Greetings and Salutations… Back in Toronto after driving home from Florida over the last two days. I arrived in Niagara Falls in time for the third period and the post game on the radio and was left with a few thoughts and questions for you all.
I have said this a million times, but god bless the guys who do the post game call in shows, some of the comments, calls and questions are just plain moronic. I am stunned that people will sit on hold for as long as they do and still have absolutley nothing to say. Tonight was no different than any other night. However, one caller got me thinking. This guy went off the handle, he sounded like many of us do after yet another loss…totally frustrated. The callers prior to him, he suggested were all out to lunch (in his opinion) in pointing the fingers at the players like Poni, Stajan etc. when the blame should be placed on the GM.
Andy Frost’s response was basically, that whom the finger is being pointed at is a tad immaterial, there will always be blame to go around.
That got me to thinking. First, Burke has been here long enough to make his own changes, it is almost fair to say this is his team. Now he has some “dead weight” that he can’t be blamed for, however he has had time to make changes (and he has). So the question is, and let me ask this very clearly, ASSUMING there is something to blame for with respect to the Leafs perfromance to date- then who is to blame? Does it fall on the shoulders of the players, the coaches, management?
It’s not that easy an answer I don’t think. Ultimately, the buck stops on Brian Burke’s desk. It’s pretty simple if a guy he traded for or signed isn’t up to snuff- that is a mistake he made (and I know that it is too early to judge). Is it fair to say that a guy Burke inherited is also under Burke’s purview simply because Burke decided to keep that player as opposed to any of the alternatives available to him (and yes there are options on every player)? There are several guys who aren’t performing up to expectations who pre-dated Brian Burke’s arrival. Is it fair to say, well Burke made lots of changes, he chose to keep these guys there for he is on the hook for them?
The easy answer is, when you make the type of money Burke is making and are given the term Burke is, Yes- he is on the hook. It is however a little bit like the chicken and the egg.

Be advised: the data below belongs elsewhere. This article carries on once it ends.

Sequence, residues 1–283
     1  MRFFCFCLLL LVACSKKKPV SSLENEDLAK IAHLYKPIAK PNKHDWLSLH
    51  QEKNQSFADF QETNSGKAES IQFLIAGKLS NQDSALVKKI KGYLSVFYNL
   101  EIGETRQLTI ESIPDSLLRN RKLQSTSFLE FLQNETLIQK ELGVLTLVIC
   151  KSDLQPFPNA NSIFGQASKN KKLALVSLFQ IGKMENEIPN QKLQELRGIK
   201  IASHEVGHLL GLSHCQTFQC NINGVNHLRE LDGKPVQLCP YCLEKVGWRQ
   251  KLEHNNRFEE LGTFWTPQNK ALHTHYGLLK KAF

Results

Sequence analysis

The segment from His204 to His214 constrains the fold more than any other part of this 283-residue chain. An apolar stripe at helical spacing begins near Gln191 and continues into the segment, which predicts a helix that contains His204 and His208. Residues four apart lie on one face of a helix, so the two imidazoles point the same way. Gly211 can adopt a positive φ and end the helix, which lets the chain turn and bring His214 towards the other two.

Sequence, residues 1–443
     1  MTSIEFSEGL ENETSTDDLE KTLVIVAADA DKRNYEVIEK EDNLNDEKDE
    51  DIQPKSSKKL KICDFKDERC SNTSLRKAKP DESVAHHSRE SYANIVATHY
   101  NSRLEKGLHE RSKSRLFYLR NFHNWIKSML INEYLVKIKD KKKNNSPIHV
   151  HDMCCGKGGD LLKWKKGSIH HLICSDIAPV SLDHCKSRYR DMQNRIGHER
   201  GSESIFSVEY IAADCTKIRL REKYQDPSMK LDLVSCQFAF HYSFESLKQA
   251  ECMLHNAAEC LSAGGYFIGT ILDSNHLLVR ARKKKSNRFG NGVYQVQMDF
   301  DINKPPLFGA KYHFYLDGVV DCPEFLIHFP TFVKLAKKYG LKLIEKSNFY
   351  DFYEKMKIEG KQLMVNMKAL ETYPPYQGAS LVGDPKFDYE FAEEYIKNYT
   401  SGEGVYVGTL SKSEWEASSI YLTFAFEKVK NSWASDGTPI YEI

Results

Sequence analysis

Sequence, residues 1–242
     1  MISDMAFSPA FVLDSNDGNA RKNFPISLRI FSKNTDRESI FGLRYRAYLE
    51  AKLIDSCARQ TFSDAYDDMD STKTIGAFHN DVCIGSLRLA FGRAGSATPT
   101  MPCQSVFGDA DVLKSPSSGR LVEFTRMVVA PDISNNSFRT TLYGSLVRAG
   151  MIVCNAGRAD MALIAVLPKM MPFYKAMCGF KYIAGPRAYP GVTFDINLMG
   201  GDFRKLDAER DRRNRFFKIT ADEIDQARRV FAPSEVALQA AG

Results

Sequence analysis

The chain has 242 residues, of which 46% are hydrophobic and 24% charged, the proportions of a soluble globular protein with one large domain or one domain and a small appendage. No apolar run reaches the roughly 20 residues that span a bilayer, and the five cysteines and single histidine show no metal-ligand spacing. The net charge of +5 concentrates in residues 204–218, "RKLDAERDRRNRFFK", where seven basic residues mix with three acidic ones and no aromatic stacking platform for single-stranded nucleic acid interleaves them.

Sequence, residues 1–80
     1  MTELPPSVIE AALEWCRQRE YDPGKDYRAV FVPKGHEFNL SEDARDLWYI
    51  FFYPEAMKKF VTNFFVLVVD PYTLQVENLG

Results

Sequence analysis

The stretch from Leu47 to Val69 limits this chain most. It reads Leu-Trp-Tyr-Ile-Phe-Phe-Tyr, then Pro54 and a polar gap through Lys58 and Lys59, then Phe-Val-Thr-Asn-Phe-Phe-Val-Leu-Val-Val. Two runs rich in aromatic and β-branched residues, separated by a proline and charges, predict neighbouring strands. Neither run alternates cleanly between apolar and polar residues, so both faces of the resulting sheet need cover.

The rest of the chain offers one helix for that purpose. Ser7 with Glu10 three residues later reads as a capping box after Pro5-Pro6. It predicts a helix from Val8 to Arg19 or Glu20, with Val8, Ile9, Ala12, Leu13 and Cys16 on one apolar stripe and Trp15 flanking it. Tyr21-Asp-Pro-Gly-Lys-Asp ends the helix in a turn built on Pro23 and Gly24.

Similarly, earlier in that same segment Andy Frost said, and this is a direct quote “Matt Stajan is an excellent player”- Frost went on to say that Stajan would be a great 3rd line center however he is being thrust into a 1st line center role and therefore having to assume 1st line center duties. This also got me thinking… Is this the main reason for the success former Maple Leaf players have upon their departure from Toronto? Is the problem not the player, but rather the role that player is being asked to play? If so- and I suspect to a large degree that it is, who’s fault is that? Is it the players? Should a player be blamed for not being able to produce over his capabilities? Is it the coach who is unable to get more from the player than he has shown before? Is it the GM who erred in thinking that because a player can do it elswhere in a reduced role that they can do it in a more prominent role here?
Ron Wilson commented last year about Grabovsky, that we all had to take his success in stride because he was getting top line minutes, the question would be how would he perform when he wasn’t getting top line minutes. The proof is in the Luke Schenn pudding wouldn’t you say? Is it the responsibility of the coach to best use his assets in their most effective way? If Matt Stajan is the an awesome third line center isnt Wilson doing everyone involved a huge disservice by playing him as a first? Doesn’t Burke have to find someone better equipped to play that role if Stajan isn’t?(easier said than done I grant you).
It seems to me that the reason trades and free agent signing go awry in hockey is that guys perform at a certain level in city A and they are brought in to a new city to play a much different role that they simply can’t do. If Tie Domi had been signed by the Red Wings to replace a retired Bob Probert (you know what I mean) then the role expected of Domi would be similar to that which he had previously played. Where teams go offside is taking a defenceman who played exceptionally well as a number 3 or 4, and thrust them into the first or 2nd slot and expect that player to be able to handle the responsibility just because they played so well the year before. It seems the responsibility is in the scout and ultimately the GM for misjudging the capabilities of the player ….
Food for thought…